let me quickly elaborate the question. The structure of a BTC transaction script looks somewhat like the following example
… where the part
… specifies the two output addresses that the money from the UTXO(s) is split and sent to.
Often, as the sum of one or several UTXO’s does not perfectly equal the amount that the sender wants to transfer, as last (?) output address he references his own address, in order to receive back his remaining cash.
My question is, is it somehow ONLY from the transaction script structure as above determinable which of the referenced output addresses correspond to the(se) “cashback address(es)”?
I have a few thoughts on this myself:
Of course, the sender might have several addresses / accounts, anyways, then, we have no chance at figuring out whether he is sending money back to himself or not.
Furthermore, I suspect the answer to my question is no, as otherwise, it could be possible to identify one input address of the regarded transaction as the output address that corresponds to the cashback part. This, I guess is exactly intended not to happen, as we want to keep the anonymity of the sender.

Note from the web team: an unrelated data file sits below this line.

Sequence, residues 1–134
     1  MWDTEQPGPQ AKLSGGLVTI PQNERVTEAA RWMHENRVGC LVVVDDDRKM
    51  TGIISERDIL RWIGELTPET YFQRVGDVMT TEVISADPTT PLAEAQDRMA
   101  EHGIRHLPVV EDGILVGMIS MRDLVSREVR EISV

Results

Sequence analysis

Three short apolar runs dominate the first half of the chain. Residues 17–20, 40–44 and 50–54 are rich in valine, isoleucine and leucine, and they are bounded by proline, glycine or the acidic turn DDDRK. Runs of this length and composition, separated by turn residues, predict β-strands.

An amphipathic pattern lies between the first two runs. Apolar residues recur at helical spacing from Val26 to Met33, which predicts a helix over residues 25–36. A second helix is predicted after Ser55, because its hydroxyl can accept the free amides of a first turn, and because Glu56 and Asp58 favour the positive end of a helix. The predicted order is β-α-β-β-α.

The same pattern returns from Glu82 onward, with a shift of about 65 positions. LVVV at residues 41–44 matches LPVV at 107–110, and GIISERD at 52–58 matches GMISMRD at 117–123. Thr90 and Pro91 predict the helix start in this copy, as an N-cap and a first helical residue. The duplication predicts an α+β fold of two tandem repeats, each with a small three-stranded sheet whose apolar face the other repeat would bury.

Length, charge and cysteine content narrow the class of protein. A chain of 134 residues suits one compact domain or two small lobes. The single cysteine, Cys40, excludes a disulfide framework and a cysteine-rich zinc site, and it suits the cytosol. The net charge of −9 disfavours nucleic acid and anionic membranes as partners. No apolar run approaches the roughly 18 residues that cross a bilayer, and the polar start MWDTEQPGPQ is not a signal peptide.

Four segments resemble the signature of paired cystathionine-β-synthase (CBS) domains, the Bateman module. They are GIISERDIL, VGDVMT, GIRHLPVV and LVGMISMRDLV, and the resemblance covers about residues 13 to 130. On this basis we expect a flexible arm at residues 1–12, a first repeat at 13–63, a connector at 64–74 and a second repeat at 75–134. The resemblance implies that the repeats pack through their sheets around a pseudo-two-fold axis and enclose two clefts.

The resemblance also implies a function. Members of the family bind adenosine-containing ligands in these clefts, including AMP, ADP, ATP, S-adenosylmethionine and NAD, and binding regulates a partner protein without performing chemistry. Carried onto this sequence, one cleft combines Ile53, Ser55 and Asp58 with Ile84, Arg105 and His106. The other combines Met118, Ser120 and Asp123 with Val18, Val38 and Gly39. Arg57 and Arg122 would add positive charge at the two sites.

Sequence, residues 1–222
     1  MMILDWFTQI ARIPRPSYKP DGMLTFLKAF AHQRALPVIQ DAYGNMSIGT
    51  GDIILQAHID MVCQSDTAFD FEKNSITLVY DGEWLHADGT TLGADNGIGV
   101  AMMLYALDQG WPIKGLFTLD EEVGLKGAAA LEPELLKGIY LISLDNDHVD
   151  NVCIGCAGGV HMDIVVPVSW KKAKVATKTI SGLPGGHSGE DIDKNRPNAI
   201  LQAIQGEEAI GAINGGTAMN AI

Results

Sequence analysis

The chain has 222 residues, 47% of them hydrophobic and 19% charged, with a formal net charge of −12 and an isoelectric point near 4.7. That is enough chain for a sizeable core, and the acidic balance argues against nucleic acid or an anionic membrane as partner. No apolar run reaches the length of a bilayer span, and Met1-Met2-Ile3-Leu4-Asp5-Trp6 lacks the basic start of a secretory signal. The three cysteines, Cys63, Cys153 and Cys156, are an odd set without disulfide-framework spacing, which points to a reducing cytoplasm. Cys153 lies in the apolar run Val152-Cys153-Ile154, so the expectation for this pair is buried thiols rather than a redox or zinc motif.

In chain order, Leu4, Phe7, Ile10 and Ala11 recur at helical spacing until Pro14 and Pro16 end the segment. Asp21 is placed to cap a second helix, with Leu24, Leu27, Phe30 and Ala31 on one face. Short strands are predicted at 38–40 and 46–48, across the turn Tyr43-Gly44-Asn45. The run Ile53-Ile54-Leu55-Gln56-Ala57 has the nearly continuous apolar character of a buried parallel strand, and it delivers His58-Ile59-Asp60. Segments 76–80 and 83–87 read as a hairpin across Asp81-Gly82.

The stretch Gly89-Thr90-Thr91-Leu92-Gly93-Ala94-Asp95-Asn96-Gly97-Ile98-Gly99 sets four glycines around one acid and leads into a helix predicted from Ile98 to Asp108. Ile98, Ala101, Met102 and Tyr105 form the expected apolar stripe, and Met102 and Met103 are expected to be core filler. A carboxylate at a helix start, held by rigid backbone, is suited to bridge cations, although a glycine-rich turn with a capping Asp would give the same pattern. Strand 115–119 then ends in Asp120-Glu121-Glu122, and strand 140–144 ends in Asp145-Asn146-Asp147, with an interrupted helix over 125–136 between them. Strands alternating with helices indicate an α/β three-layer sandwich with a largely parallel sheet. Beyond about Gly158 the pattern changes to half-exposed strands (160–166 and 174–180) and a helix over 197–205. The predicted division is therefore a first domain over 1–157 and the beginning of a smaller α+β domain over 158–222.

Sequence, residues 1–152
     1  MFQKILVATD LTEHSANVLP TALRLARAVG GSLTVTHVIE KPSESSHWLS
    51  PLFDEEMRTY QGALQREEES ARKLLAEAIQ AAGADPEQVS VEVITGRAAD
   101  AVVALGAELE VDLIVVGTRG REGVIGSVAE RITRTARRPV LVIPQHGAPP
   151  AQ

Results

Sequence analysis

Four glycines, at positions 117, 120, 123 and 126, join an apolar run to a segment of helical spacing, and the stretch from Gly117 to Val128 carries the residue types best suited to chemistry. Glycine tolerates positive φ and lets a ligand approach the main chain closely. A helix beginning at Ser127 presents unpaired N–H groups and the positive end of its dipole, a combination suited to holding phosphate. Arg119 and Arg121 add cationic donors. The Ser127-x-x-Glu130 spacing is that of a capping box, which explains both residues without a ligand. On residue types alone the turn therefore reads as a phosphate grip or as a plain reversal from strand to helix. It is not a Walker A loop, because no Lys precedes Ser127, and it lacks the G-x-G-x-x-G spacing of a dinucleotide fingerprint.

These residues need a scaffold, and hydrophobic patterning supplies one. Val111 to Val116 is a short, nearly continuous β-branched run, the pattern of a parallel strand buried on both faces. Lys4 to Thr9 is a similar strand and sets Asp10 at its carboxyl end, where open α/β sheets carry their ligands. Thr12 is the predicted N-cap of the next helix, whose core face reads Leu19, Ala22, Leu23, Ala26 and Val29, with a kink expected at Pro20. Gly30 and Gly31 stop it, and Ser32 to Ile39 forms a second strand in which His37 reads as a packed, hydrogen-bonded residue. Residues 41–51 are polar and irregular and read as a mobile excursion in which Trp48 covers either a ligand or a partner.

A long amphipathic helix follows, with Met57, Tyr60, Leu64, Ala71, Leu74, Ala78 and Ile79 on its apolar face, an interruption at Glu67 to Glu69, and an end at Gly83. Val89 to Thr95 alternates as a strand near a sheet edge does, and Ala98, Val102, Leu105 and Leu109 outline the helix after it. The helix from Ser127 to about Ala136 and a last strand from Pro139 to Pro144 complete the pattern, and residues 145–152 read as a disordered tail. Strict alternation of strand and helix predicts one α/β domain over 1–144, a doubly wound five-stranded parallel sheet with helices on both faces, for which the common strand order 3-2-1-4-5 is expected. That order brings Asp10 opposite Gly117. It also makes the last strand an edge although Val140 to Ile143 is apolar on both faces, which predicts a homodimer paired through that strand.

Lastly, I am aware that it is possible to identify cashback transactions when you look at the entire history of the blockchain and keep track of which address “holds” what amount of BTC / UTXO’s right now. However, in order to do so, you would need to store all the addresses named in previous transactions throughout time, which is quite computationally costly, as you proceed through time in the blockchain.
Thus, I am asking for a way to quickly identify such cashback transactions. (We can for instance always easily identify the coinbase transaction in a block from the structure of the code.)
That’s about it. I am looking forward to your comments, hopefully someone can shed light on this 🙂